Swiping Right Doesn't Mean Consent

In today’s ever changing digital and intellectual space, we often are so bombarded by information that we lack the understanding of a social movement or what stands behind a volatile article or raunchy tabloid headline. It’s shock and awe at its best in the American Social Media Circus that is today’s place of worship. We find more people that are busy curating their profiles online selfies than researching current events or movements within the news culture. When did we stop becoming advocates for each other? April is National Sexual Assault Awareness Month (SAAM) and for the entire month of April it’s important to highlight the importance of asking for consent. On the recent heels of the #metoo movement along with #timesup the #Iask campaign has launched full throttle into our atmosphere. While this is the 19th year for #SAAM the cause is ever out there hiding in plain sight right under our noses.

This movement shows that just because you both swiped right, doesn't equate to consent. It doesn’t mean that you’re a match made in heaven. It means you have the opportunity to connect, to get to know each other, and ultimately if the stars should align, ask for consent, make sure that the person you’re with understands what that means. That isn’t just a courtesy that a man gives a woman, it’s a fundamental humanitarian right, to make sure that the person you’re going to be sexually intimate with is well aware of that and is most importantly comfortable with sex.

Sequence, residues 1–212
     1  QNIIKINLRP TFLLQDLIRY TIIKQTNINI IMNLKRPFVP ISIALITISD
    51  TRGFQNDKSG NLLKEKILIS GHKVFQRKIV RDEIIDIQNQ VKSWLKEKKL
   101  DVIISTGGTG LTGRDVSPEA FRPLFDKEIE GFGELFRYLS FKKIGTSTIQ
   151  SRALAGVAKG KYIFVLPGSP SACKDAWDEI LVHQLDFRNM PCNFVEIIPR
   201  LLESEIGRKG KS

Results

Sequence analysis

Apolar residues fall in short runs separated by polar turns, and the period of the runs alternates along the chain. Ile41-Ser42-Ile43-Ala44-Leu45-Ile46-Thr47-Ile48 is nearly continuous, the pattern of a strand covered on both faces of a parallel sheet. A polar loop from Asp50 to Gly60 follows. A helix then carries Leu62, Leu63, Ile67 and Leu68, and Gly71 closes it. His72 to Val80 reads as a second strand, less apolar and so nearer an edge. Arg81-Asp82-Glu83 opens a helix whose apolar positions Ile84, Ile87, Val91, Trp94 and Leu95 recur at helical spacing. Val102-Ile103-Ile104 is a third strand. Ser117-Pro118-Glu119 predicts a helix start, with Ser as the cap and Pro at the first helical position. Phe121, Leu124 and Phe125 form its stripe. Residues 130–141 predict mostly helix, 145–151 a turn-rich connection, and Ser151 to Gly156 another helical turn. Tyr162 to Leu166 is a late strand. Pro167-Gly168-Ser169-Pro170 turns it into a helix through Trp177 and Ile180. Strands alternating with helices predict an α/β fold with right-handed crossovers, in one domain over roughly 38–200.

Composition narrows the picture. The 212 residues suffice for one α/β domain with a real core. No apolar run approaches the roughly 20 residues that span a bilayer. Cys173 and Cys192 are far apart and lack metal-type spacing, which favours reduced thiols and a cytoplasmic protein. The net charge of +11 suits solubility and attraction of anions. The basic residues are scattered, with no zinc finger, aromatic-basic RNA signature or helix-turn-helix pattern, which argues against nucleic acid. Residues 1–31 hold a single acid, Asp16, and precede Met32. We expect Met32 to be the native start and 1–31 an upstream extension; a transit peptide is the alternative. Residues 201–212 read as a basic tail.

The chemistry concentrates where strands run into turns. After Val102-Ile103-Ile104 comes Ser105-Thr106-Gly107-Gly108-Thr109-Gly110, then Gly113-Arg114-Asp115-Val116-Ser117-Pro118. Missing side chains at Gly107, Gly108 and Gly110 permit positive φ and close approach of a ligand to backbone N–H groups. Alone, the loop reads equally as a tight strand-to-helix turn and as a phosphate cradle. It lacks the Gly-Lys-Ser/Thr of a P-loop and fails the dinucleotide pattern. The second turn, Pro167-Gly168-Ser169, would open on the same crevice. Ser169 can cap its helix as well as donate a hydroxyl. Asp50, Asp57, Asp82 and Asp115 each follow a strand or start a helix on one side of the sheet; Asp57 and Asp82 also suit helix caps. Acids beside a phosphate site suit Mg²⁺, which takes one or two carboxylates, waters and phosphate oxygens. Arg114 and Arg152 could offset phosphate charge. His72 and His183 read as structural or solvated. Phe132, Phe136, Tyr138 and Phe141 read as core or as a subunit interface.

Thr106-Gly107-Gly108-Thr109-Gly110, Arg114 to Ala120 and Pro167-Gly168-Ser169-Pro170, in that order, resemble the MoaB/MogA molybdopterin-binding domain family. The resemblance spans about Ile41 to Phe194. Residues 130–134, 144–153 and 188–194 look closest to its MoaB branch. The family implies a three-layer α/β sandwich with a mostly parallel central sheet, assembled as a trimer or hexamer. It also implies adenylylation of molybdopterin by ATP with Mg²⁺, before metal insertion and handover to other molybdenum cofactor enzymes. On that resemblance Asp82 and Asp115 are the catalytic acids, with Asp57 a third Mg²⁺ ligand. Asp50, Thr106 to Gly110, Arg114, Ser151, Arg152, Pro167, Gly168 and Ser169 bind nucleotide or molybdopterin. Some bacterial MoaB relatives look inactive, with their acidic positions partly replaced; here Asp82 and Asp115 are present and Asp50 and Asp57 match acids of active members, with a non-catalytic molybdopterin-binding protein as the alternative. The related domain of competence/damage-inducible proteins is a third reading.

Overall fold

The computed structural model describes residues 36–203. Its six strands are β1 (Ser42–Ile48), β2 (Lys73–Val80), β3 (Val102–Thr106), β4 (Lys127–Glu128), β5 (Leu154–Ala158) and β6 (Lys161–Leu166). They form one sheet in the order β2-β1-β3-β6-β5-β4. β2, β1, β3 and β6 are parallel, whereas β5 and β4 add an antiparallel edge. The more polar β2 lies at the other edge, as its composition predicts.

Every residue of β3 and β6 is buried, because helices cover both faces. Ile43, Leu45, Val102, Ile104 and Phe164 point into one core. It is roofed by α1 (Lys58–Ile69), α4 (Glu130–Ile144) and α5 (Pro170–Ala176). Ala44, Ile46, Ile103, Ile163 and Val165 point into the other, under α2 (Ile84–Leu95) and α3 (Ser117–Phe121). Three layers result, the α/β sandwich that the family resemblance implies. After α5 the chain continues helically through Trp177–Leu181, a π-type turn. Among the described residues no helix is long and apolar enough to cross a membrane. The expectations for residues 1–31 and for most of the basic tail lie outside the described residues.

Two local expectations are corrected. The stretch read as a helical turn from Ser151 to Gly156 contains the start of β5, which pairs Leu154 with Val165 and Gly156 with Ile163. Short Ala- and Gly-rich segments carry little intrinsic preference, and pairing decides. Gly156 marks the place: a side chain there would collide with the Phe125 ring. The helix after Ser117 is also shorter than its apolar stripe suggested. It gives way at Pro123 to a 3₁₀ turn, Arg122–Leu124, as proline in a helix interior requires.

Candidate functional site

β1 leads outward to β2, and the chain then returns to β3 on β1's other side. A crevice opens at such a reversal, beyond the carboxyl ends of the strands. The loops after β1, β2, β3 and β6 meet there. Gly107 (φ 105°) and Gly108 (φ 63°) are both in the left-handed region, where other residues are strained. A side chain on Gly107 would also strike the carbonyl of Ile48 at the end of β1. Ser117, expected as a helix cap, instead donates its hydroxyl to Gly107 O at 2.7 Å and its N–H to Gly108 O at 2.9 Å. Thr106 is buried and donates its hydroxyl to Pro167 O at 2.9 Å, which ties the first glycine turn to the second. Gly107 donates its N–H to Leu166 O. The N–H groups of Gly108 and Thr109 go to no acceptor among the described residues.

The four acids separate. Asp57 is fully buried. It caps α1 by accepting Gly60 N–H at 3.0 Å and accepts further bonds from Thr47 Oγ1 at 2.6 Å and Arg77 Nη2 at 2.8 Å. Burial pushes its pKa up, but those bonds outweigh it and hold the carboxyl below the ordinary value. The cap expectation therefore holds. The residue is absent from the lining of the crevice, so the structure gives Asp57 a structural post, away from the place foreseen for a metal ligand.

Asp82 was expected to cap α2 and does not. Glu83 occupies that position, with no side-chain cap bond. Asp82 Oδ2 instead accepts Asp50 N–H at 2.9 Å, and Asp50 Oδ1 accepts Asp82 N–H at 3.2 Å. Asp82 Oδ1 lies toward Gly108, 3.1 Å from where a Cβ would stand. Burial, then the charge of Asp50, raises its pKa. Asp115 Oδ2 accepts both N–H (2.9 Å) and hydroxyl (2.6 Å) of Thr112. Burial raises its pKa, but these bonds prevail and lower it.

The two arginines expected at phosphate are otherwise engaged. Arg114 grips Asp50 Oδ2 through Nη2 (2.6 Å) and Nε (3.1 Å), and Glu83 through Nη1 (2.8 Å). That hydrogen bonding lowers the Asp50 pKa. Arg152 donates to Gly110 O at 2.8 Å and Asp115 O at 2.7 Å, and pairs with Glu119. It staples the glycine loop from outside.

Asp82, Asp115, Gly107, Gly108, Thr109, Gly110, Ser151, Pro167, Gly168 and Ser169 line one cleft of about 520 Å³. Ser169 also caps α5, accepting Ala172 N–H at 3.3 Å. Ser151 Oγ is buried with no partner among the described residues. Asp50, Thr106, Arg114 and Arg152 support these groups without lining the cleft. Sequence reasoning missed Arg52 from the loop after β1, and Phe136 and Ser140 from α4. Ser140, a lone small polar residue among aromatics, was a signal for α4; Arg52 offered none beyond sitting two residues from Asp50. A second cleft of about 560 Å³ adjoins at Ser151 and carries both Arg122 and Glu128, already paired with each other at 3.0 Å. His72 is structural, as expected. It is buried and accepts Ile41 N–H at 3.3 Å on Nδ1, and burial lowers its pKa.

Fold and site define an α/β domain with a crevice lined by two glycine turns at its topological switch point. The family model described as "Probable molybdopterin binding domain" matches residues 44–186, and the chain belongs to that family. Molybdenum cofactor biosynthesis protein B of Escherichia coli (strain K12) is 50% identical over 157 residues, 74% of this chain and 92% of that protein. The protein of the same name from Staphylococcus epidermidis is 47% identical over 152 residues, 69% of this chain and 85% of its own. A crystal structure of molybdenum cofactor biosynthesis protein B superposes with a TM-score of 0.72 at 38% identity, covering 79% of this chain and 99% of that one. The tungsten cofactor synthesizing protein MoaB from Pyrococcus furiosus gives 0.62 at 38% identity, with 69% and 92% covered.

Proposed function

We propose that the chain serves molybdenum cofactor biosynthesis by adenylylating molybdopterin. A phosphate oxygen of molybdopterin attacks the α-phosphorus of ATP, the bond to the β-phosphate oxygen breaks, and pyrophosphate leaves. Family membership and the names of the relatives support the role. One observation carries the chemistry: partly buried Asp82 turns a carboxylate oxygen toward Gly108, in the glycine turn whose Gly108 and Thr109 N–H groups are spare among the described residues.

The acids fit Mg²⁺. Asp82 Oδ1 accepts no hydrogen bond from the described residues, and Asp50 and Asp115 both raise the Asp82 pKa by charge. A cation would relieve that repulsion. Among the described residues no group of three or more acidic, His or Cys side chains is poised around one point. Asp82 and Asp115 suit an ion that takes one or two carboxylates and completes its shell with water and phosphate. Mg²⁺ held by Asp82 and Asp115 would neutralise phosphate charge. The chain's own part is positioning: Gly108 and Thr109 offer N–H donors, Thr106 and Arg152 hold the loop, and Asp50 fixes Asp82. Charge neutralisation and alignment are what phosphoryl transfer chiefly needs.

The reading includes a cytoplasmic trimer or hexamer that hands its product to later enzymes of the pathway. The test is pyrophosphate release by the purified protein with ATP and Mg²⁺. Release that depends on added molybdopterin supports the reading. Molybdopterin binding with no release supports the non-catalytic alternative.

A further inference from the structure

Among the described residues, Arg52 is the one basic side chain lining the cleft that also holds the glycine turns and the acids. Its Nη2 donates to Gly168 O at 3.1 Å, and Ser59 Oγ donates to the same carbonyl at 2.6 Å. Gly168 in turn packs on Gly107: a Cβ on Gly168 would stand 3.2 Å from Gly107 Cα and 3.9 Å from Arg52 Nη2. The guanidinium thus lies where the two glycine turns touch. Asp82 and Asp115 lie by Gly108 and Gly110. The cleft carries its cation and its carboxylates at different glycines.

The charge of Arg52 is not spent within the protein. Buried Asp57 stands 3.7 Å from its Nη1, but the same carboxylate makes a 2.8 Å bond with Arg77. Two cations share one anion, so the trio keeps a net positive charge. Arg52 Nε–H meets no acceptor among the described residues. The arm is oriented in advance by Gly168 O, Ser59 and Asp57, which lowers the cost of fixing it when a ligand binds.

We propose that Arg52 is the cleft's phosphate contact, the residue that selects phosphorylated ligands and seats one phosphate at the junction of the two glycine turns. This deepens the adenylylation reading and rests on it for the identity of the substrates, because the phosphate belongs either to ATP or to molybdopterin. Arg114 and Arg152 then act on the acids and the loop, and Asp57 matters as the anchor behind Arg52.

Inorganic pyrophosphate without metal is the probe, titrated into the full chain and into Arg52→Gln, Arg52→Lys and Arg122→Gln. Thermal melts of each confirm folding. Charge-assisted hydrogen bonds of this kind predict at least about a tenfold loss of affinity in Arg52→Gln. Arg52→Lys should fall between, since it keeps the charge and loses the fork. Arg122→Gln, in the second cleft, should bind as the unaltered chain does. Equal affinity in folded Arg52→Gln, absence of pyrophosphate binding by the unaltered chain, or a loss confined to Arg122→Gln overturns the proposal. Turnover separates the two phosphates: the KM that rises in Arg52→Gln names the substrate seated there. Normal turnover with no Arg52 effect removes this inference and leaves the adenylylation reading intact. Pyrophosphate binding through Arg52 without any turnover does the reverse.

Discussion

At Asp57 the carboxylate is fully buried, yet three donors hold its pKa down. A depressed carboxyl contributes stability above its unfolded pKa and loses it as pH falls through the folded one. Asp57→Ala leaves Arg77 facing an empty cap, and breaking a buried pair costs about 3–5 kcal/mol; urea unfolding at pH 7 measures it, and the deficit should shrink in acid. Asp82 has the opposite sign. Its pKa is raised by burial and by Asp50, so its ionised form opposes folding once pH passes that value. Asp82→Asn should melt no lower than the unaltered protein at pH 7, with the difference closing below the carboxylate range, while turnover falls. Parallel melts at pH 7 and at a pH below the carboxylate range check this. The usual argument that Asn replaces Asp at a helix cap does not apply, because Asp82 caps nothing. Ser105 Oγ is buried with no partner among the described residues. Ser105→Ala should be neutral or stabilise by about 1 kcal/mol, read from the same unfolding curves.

Awareness + Action = Social Change

According to the National Sexual Violence Resource Center “The ‘I Ask’ campaign is a great opportunity to normalize conversations about consent and to empower everyone to ask and respect the answer. [...] Asking for consent is a concrete and powerful way to ensure that everyone feels safe and respected.”

Finally, the Sexual Assault Awareness movement is closely tied with women's issues across the board, and illuminates how sex trafficking has just become another spoke in the continuum of sexual violence. Sex trafficking has woven itself into the fabric of our society, and has been allowed to fester under the surface because we have allowed for sex abuse to be normalized in our society. We cannot solve sex trafficking without acknowledging our cultural hyperfixation on sex. The acceptance or normalization of sexual violence in and the objectivity our movies, tabloids and news cycle have created is quite alarming when you think about how much sex is the central theme. “I Ask” is about awareness of consent and it’s one of the first things a trafficker does not consider. A traffickers’ goal is to mask sexual exchange as a transaction. A traffickers end game is not consent, it’s a lie, a scam, and a con. Sadly, one too many young victims fall prey to. The #Iask campaign is one that moves to combat sexual assault and violence as does anti-trafficking awareness. The two are interwoven together. If you’d like to learn more about human trafficking and what it means to be “trafficked” Safe House Project is an organization that is fighting to equip and empower people with the proper information to make changes in our individual communities. Change begins when we start to communicate about the information that's out there. Change begins with me, I ask.





#changebeginswithmeiask #iask